Selected readings on US charter schools
ST. LOUIS • As an eighth-grader, William Howard starts the school day by clasping his hands and bowing his head in prayer. In two years, such an expression of faith at De La Salle Middle School may be prohibited.
The Catholic school on the eastern edge of the Ville neighborhood is moving toward becoming the first in the city to convert into a charter school — a move that would infuse it with state dollars. If successful, the people putting together the charter application would be the first to convert a private school in St. Louis into a public one.
But going this direction means the school would have to expunge religious expression from its classrooms. Teachers would have to remove crucifixes from walls and eliminate Catholicism from the curriculum, and students would no longer be required to attend Mass once a month down the street at St. Matthew’s.
“That would be weird,” said William, who attended a city elementary school before coming to De La Salle as a sixth-grader, and likes the Catholic rituals. “It’s another way to respect God, show you love him and that you care.”
For private schools, there are apparent advantages to converting into a charter school — a tuition-free public school that operates independently. The steady flow of state and federal funds makes charter schools less reliant on tuition and donations. As more and more faith-based schools find themselves on the brink of closing, the charter route offers a lifeline.
But conversions also present complexities. Just like district schools, charter schools must offer expensive special education services and cannot turn children away. They must abide by bureaucratic rules, such as state accountability and testing mandates. For religious schools such as De La Salle, they also must figure out how to remove expressions of faith from the classrooms.
For this reason, the decision to begin De La Salle’s conversion was not an easy one, said Chuck Kretschmer, chairman of De La Salle’s governing board. The 19 members began exploring the option in 2012 as they discussed their mission to expand the school under long-term financial uncertainties.
“There was a great deal of soul-searching,” Kretschmer said. “We are a Catholic school, so really what we had to reconcile with ourselves is: Is it more important that we serve twice as many children, or that we retain our faith-based foundation? Our answer was, go out and serve twice as many kids.”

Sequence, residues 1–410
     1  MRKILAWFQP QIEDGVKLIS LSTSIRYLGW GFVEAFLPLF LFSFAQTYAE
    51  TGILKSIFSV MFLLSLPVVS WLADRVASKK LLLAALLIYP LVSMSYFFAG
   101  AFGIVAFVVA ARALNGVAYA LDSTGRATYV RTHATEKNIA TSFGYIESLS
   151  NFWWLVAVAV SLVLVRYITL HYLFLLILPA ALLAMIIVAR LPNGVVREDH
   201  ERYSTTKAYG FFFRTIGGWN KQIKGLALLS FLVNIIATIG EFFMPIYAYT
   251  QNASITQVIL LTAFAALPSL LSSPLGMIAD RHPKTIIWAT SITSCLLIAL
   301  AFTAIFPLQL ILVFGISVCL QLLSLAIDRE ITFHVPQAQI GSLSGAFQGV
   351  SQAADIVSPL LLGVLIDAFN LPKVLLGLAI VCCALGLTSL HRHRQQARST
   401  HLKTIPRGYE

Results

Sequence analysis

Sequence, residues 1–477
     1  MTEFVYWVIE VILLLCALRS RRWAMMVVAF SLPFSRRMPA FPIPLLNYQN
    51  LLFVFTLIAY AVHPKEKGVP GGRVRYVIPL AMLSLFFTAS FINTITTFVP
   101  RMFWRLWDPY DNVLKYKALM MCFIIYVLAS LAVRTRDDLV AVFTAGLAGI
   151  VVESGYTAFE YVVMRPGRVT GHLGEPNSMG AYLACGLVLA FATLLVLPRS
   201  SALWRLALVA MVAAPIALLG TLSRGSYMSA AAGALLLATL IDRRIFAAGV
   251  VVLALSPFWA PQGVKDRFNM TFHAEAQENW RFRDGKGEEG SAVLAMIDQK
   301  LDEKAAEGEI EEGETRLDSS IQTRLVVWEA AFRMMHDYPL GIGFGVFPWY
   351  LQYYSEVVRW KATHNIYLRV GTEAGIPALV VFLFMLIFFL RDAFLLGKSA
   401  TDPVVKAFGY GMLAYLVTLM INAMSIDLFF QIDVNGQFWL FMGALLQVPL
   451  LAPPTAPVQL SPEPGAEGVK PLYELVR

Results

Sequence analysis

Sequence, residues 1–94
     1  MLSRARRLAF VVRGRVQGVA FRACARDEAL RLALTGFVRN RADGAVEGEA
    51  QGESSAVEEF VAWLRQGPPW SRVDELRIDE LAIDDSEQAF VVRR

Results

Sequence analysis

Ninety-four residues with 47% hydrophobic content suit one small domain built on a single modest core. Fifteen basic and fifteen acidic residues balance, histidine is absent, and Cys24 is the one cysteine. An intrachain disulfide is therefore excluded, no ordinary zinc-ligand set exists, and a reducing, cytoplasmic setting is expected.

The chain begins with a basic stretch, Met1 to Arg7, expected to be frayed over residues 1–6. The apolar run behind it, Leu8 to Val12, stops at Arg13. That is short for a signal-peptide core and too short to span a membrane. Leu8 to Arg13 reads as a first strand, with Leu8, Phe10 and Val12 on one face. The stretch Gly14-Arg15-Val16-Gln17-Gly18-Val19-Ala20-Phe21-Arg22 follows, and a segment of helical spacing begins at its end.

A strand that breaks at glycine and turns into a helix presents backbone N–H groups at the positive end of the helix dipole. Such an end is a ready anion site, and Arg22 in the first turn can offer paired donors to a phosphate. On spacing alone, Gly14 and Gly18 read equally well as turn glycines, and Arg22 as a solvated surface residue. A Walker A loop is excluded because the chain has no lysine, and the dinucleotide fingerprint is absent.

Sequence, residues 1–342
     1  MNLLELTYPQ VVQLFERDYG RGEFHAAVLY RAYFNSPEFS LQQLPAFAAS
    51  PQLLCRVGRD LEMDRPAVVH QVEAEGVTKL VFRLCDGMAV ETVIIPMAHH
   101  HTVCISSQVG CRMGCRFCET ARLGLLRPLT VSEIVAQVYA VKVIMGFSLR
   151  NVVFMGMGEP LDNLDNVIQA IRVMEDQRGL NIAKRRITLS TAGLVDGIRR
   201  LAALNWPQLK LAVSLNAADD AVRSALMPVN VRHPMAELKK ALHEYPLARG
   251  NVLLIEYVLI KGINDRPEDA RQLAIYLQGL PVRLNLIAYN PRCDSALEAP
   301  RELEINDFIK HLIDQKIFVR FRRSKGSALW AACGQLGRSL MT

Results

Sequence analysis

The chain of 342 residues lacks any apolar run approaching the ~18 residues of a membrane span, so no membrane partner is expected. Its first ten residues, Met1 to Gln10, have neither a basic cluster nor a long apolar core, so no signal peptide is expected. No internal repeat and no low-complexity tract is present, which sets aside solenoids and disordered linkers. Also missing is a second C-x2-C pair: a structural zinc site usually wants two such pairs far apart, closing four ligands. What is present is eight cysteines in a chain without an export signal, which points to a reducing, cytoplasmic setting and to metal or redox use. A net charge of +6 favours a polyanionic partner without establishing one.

Not everyone agrees with that approach. So far, no other Lutheran or Catholic school in the city has chosen this route. The St. Louis Archdiocese, though supportive of public education, does not support the conversion of Catholic schools to charters.
“It would be very much in competition with the very mission of what we’re trying to do with our schools,” said George Henry, the archdiocese’s superintendent of Catholic schools. “It doesn’t seem like us running government schools is where our time and energy and resources should be going.”
Plus, Henry added, “The charter schools obviously are in competition with the Catholic schools for students. We are trying to fill as many empty seats in our schools as we can.”
De La Salle Middle School was founded in 2001 as part of a ongoing national effort by the Christian Brothers order to improve educational prospects for the poor. Unlike most neighborhood-based parish schools, it draws students from across the region. Class sizes are small, with no more than 13 students. The school day is almost eight hours long, and children attend school year-round.
The school is one of three in St. Louis based on the NativityMiguel model, a brand of private middle schools that take children from high-poverty backgrounds and prepare them for selective high schools.
Operating these schools is expensive. Families of the 67 fifth- through eighth-graders at De La Salle cover just 3 percent of the approximately $15,000 annual tuition, according to the school. To stay open, the school must raise between $1.5 million and $2 million a year.
Becoming a charter school would bring an infusion of close to $8,000 in state funds per student, according to the school. This would allow the school to double its size to 120 fourth- through eighth-graders by 2017. By state law, the school as a charter would not be allowed to pick and choose students. It also could no longer enroll children who are not St. Louis residents.